As the title might imply Every Breath You Take is a psychological thriller about a stalker. It’s clearly been made in the same aesthetic vein as The Woman in the Window or Gone Girl, all elegant glass houses in affluent, but isolated regions of North America. Doing its job with suitable aplomb but never really pushing the boat out in terms of story and character.
Casey Affleck is very much in Manchester by the Sea, mode as Philip Fanning, a bereaved father and psychiatrist whose already, fragile life rattled by the suicide of his patient. The appearance of Sam Claflin as the patient’s brother adds a twist in the knife as this walking reminder of Philip’s failure begins to ingratiate himself into the family. Seducing his teenage daughter (Lily Krug) and befriending then seducing his wife Grace (Michelle Monaghan). Things escalate at a slow burn and eventually it turns out that the brother is not entirely what he seems (to little surprise). The story barely makes a single misstep in the formula and yet, that might be the thing that kills it. We build up to a gradual escalation but even when the stakes are pushed to the limit it never feels like an increase in intensity.
Part of this might be the sterility of the film’s atmosphere. As mentioned, there’s a cold, middle-class vibe, now common to these sorts of thrillers. Everyone seems to live and work in cleanly designed, modern homes with windows on all sides. Philip’s home in particular seems to be one giant testament to chilly domesticity. The visual shorthand makes it all too easy to see the division between Philip and Grace, not least by her regular night-time swims in their obscenely long pool. However, at a certain point subtlety is appreciated.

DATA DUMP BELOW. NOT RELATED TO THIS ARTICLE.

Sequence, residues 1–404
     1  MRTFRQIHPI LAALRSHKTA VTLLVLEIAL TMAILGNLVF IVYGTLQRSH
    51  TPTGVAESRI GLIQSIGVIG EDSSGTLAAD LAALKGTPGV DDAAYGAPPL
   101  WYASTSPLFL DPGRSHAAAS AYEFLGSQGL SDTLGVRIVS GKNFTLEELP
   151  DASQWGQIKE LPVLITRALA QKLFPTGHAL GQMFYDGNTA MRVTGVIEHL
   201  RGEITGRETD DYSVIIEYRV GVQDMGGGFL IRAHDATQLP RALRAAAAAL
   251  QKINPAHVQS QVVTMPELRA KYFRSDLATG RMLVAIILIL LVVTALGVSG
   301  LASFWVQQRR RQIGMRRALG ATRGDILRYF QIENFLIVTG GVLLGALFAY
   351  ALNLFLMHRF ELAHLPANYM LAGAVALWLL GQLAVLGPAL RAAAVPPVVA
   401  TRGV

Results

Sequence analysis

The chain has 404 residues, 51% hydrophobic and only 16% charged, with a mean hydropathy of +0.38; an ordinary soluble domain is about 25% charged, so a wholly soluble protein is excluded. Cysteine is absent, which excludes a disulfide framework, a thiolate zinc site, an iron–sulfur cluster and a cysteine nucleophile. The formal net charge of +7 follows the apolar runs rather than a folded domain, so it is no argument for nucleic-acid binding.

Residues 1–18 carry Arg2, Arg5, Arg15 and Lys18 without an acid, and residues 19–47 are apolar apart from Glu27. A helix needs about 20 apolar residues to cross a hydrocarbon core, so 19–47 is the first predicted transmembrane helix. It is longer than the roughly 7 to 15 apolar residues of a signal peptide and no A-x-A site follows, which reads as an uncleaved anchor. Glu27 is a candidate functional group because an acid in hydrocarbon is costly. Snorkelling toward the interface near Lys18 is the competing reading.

This is something the script never seems to get, especially when dealing with Claflin’s John Flagg. This is usually the type of role Claflin excels at; psychologically damaged, insecure men going increasingly unhinged. His dialogue though is so stilted and weighed down with pretension that it’s impossible to engage with him. Yes, we’re supposed to realise something’s off about this awkwardly accented, Byronic Brit, but the inability to make him sound remotely natural constantly breaks the film’s atmosphere.
That is ultimately the major issue behind Every Breath You Take. The clinical atmosphere, the emotionally remote characters, all rob the film of the essential human touch these genre works need. We need to relate to the characters so that invest emotionally in them when things begin to fall apart. This film’s characters feel like they have little worth living for. If they can’t care, then why should we? It’s a central issue that exposes more minor niggles, like obvious errors in the editing. Musical cues that hint at significance we’re unaware of, revelations about events we’ve already seen revealed. As though in the process of painting by the numbers someone got lazy.
As far as these kinds of thrillers go Every Breath You Take is hardly a disaster. It’s a well shot, well performed drama with plenty of tension and excitement. It simply hits a plateau and never rises above it.